The question of graduate school isn’t really one question, since grad school is said in many ways: there are worlds of difference between grad school in the humanities, in law, and in business, for instance. In contrast to the infographic, I am going to talk here exclusively about grad school in the humanities.
Young people who go into lucrative professions scorned as bereft of moral scruples rather than choosing a noble profession helping others are often regarded as “selling out.” But Jason Trigg, a recent MIT graduate, “sells in“:
Jason Trigg went into finance because he is after money — as much as he can earn…. he goes to work each morning for a high-frequency trading firm. It’s a hedge fund on steroids. He writes software that turns a lot of money into even more money. For his labors, he reaps an uptown salary…
Why this compulsion? It’s not for fast cars or fancy houses. Trigg makes money just to give it away. His logic is simple: The more he makes, the more good he can do.
He’s figured out just how to take measure of his contribution. His outlet of choice is the Against Malaria Foundation, considered one of the world’s most effective charities. It estimates that a $2,500 donation can save one life. A quantitative analyst at Trigg’s hedge fund can earn well more than $100,000 a year. By giving away half of a high finance salary, Trigg says, he can save many more lives than he could on an academic’s salary.
His inspiration? The moral philosophy of Peter Singer:
While some of his peers have shunned Wall Street as the land of the morally bankrupt, Trigg’s moral code steered him there. And he’s not alone. To an emerging class of young professionals in America and Britain, making gobs of money is the surest way to save the world. When you ask Trigg where he got the idea, his answer is a common refrain among this crowd: “I feel like I’d read stuff by Peter Singer.”
Singer’s influence notwithstanding, we can also see Trigg as trodding the path of the Bodhisattva…
Should philosophers focus less on Value Theory, and more on Value Added?
Over at Salon, a plea for philosophers to swallow their pride and get on with selling themselves and their profession:
if philosophy is so important, then selling itself to the culture at large is important too. So it’s time for philosophers to put their clothespins on their noses, wade into the stench of real-world commerce, and ask some of those tanned and toned marketing majors who skipped out on Philosophy 101 for some help.
Philosophy, in short, needs a Marketing Makeover.
Over at Adjunct Rebellion, a scathing assessment of MOOCs:
While the last 20 years of academia have seen these two destructive practices aimed at the professoriate, it hasn’t been until lately that the threat is driven by the internet — in the case of academia, in the form of MOOCs that are now looming enormous, casting monstrous shadows over the college campus. The MOOC model, from the standpoint of the professoriate, is an entirely exploitative one. The professor designs a class, has lectures and other media support shot and “canned” — and then the university, or the MOOC itself owns that material. It OWNS the intellectual property of a professor who has trained for, on average, a decade for advanced degrees, who has taught for years and developed skills and abilities. And, once that particular area of scholarship is canned — who needs the professor, ANY professor, anymore?
This is an example of the rhetoric of crisis I discussed earlier, and let me be clear that I don’t always think that’s a bad or un-useful thing–it just depends on what your goals are. If your goal is to wallow, then it works great. If your goal is to get tenure, you’re barking up the wrong tree (these two goals, incidentally, are espoused by the folks over at the Philosophy Smoker Blog, a nest of nattering nabobs of negativism, which openly admits that its focus is to “bitch about” trying to make it in academic philosophy). If your goal is to make a living, then just quit and do something else (and you CAN do something else).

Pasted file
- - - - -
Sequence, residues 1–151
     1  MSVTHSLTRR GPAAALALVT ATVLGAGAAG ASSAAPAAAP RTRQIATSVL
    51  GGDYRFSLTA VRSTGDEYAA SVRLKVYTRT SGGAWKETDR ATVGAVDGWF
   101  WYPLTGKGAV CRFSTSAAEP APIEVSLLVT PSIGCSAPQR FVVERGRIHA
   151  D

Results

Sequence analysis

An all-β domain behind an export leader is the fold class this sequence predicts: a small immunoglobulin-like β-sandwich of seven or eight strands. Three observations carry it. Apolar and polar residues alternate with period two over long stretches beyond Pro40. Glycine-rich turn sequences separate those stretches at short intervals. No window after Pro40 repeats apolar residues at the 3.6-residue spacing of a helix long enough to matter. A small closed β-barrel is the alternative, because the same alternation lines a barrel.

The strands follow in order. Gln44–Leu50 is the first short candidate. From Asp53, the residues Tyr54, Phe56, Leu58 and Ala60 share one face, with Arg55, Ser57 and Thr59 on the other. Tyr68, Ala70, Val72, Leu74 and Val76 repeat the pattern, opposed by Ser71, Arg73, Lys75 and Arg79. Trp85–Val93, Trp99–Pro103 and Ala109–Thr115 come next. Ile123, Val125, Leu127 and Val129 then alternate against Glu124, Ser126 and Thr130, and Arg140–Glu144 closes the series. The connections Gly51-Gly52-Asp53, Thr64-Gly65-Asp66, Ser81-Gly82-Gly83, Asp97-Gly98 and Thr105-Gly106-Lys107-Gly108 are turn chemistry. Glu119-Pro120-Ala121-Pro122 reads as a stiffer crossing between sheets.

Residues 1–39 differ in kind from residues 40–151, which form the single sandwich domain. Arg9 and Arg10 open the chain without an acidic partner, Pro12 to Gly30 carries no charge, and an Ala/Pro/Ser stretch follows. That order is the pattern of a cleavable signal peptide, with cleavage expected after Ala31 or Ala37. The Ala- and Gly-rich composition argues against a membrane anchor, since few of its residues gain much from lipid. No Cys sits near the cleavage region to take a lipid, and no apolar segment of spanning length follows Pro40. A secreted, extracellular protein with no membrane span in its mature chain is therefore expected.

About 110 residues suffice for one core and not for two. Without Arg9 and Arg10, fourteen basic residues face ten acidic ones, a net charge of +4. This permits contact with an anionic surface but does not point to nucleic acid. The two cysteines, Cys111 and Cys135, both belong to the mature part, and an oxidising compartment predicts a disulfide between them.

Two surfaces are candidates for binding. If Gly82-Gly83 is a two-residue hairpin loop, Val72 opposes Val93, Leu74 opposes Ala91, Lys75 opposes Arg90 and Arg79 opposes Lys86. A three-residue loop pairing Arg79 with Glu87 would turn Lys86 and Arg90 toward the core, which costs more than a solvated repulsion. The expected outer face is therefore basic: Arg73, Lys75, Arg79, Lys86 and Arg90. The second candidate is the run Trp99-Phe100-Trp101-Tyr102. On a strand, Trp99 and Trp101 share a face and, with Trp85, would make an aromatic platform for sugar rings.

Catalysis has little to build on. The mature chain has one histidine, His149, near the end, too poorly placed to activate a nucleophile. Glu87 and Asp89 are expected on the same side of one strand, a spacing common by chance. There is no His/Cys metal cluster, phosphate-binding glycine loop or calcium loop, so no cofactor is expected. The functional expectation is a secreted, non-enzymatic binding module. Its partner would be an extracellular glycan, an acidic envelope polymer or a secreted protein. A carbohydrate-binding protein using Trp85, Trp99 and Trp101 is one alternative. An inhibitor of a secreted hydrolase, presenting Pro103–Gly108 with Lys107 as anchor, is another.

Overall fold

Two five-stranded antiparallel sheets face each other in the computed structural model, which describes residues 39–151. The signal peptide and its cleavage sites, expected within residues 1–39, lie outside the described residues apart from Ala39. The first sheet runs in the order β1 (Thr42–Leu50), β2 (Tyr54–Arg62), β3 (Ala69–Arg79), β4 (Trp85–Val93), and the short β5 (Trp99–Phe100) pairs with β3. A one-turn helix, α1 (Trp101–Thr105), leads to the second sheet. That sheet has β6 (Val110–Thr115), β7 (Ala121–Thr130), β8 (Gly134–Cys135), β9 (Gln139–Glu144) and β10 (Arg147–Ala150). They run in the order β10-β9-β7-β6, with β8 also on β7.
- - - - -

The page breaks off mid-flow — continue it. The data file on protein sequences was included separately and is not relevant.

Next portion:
Cathy Davidson, a professor at Duke, has a great idea:
In January 2014, I will offer a six-week Coursera class, “The History and Future of Higher Education,” free and open to anyone. I’d like to turn the class’ weekly forums into an opportunity for a massive, global, collaborative, constructive, peer dialogue about how higher education got to its current dilemma. And from there, I hope we can come up with some creative, innovative, and workable ideas to make a better future.
A MOOC about MOOCs seems to make a great deal of sense for a few reasons.
For one, it provides a forum for investigating just what a MOOC is, what it can and cannot be, whether and to what extent it does indeed enhance learning, and whether and to what extent and in what ways this can be measured. If it turns out that such an experiment yields a more nuanced and useful picture of the ontology and application of the MOOC, then this itself would be evidence that the MOOC is a sound design and delivery mechanism.
Second, as Cathy notes,
In the present mood of high polemic, hyperbolic promise, and hysterical panic, it is almost impossible to sort out the questions, let alone the answers to these questions, on either a national or international level: Is now the time to reject or embrace massive online learning? Do MOOCs yield improved learning and free and open access to those who have been excluded from higher education—or are they yet another cynical attempt to defund the public and extract profits from tax payers and diminish the value of what virtually all universally claim to be the public good of higher education?
Crisis rhetoric is seductive but does not have a great signal-to-noise ratio. A MOOC that took a, well, academic approach to MOOCs might help to dispel the fervor over the MOOC-ment and help people think clearly about just what it is and what it means.